Karen Rivers

the good, the bad, and the ugly.

Karen Rivers

I have been wanting to post about the process of selling THE ENCYCLOPEDIA OF ME, a journey that started a few years ago and culminated in me letting go of my agent and starting over.  Alone.   At the beginning.   No agent.  In a new and different market.  

It was scary.   It was exhilarating.  

And most of all, it was slow.   The distance between querying and getting requests from potential new agents was vast and felt, at times, impossible.  

While waiting, waiting, and waiting some more for responses on fulls and partials on THE KING OF BANANALAND, I started looking for a publisher for a book that I'd written quite a long time ago that had -- somewhere along the line -- become my secret passion.   I knew THE ENCYCLOPEDIA OF ME would find a home, I just hadn't found it yet.   Or so I told myself.

So I looked and researched and looked and pondered.  And I dreamed.    

And then I made a life-changing decision.   Instead of waiting for an agent to come along and tap my book with his/her magic wand, I was going to send it directly to my number one choice of publisher and editor (Cheryl Klein at Arthur A. Levine).   I packaged it up and it sat on the end table in my living room for several days.   "What am I doing?"  I thought.  "I should wait.   I don't know this market.  I have no connections here.  This will vanish into the slush and never been seen again."

But I didn't want to wait.

I doodled on the envelope.   I waited some more.  And then, one day, I just got over myself.  I got over my feelings of despair and futility.   I stuffed down my fear of yet more rejection.  And I mailed it.

It was pretty easy, after all.  

Time passed and lo, one day in the mailbox, the envelope, complete with my doodles, reappeared.  My heart sank.  Envelopes with your own writing on the outside NEVER contain good news, I thought.   I put the envelope back on the end table again.  

I didn't open it.

Then, one day, I was cleaning the living room, and I had a feeling.  I said to myself, "Maybe this time, there is GOOD news in this envelope."  And I opened it.  

And there was good news in the envelope.  The very best sort of news. 

And on the very same DAY -- no kidding -- I got an offer from an agent in my email.   Then two agents.   

And then things started rolling.   Other publishers wanted in on the deal.   Suddenly, I was CHOOSING.   

And I got my first choice.

Which is the happiest of happy endings to my little story.  

A lot of things happened for me in 2010.  The fantastic agent.  The dream publisher.   Good things.   Dream-worthy things.   

But other things happened that were bad.   Terrible things.  The worst things.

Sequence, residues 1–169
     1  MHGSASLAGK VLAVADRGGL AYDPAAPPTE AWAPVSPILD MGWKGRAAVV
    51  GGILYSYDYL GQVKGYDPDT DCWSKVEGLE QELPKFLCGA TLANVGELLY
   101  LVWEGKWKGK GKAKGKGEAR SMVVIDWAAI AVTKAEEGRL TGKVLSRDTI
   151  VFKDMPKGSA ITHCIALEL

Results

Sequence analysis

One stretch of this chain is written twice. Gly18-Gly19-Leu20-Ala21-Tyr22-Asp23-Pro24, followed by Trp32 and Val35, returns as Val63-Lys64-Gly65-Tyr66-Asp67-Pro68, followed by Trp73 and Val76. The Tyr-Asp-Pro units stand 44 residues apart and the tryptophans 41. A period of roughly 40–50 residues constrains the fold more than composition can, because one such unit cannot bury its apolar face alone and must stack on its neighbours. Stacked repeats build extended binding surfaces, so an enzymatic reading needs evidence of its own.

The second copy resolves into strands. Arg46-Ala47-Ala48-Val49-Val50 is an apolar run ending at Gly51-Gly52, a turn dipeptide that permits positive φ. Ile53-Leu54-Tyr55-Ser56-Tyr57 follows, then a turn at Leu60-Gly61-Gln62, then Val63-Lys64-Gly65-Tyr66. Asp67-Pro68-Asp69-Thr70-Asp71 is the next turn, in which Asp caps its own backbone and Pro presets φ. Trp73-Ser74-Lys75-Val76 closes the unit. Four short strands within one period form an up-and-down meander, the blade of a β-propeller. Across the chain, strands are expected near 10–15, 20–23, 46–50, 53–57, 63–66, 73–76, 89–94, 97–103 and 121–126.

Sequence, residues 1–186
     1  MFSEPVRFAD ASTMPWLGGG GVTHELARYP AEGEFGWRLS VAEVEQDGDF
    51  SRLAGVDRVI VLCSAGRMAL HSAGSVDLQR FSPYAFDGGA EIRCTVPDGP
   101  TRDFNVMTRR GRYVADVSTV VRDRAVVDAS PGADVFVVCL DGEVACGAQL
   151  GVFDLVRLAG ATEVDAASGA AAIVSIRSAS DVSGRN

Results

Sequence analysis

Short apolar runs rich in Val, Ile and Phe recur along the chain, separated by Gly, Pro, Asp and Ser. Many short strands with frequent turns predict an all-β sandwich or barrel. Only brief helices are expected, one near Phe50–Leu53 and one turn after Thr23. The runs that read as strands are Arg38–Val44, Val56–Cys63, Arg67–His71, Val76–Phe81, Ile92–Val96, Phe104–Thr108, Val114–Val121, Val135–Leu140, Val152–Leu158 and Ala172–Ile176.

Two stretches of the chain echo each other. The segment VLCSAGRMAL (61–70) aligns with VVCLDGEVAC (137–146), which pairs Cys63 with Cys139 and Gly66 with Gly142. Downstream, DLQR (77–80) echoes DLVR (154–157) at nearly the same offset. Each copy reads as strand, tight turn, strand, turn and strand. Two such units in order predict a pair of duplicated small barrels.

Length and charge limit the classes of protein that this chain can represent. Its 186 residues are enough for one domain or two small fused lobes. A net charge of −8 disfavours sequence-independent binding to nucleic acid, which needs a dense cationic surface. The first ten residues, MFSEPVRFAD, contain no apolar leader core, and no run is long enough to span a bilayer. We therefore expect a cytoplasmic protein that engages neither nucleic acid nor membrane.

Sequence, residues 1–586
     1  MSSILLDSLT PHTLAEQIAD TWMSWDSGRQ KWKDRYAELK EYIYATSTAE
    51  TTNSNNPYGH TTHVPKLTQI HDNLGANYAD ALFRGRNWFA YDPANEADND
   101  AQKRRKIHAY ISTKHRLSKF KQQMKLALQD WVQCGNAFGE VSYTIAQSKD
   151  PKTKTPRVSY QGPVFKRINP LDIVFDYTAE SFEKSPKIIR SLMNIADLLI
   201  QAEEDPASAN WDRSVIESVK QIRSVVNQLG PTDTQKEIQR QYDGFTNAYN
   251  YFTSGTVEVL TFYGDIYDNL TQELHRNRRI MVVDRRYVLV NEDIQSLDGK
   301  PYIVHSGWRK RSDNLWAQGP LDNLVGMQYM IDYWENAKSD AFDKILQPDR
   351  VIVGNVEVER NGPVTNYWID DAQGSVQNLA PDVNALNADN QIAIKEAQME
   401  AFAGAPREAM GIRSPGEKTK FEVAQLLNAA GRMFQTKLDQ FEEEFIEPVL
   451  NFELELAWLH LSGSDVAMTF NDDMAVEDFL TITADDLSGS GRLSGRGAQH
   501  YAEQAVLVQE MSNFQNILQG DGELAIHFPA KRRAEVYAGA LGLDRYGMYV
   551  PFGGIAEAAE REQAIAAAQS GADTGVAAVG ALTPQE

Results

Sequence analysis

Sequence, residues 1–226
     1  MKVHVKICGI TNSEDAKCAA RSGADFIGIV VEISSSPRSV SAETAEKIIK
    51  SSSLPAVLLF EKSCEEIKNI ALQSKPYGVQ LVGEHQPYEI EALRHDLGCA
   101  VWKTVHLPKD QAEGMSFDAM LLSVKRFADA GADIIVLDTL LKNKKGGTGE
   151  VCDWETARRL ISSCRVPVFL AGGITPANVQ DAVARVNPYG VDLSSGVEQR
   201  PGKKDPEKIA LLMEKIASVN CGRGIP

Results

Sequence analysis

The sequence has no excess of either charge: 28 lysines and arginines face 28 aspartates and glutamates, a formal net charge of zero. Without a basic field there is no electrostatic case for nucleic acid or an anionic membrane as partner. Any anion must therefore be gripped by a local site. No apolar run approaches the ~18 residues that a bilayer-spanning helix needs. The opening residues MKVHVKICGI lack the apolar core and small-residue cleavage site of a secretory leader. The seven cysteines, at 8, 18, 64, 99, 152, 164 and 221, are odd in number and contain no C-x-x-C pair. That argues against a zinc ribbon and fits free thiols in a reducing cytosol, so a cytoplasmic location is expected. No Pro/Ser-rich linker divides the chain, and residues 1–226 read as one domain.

It's a balance, the way that karma or fate or the Universe gives and then takes away.

It feels dishonest to post about the books and how happy I am and how fabulous things are in my career right now without also admitting that everything is not perfect.  

To abuse a metaphor horribly, it's like I'm in a photo, and in the photo, if you look from above, I'm swimming through gorgeous turquoise blue water.   I'm fit and strong.   The scene is gorgeous.   And you look at the photo and you envy the swimmer because it seems like she, of all people, must be happy.

What you don't see is that just below the surface, a shark has taken a chunk out of her torso.   And she's not swimming, casually, to the shore, she's swimming frantically for her life.  

These things also happened to me in 2010.   My body failed me.  After the surgery to repair the broken parts, I got sick.   Worse than that, my marriage floundered.  And then failed entirely.  

As 2011 rolled around, I was fifteen pounds lighter, behind on my deadlines, had two shattered ribs, and was suddenly alone, or as alone as you can be with two kids.

I was, and still am, reeling.  

And my ribs hurt.  

So there are bad things and there are really really ugly things.

"It's all for the best," I say.   And while I do believe that on many levels, it doesn't change the fact that just below the surface of the water, there is a chunk of me that is missing.  You just can't see it from where you are standing.

If you need me, I'll be on the sandy shore, patching my wounds and reminding myself that even though these terrible things have happened, I'm still in a beautiful place and there is room here to find happiness again.  

All this will pass and I will heal.  

Because there are so many good things, too.

And sometimes it's important to remember that the good things come in unexpected ways, sometimes they even come to you in envelopes with your own writing on the outside.   You just never know.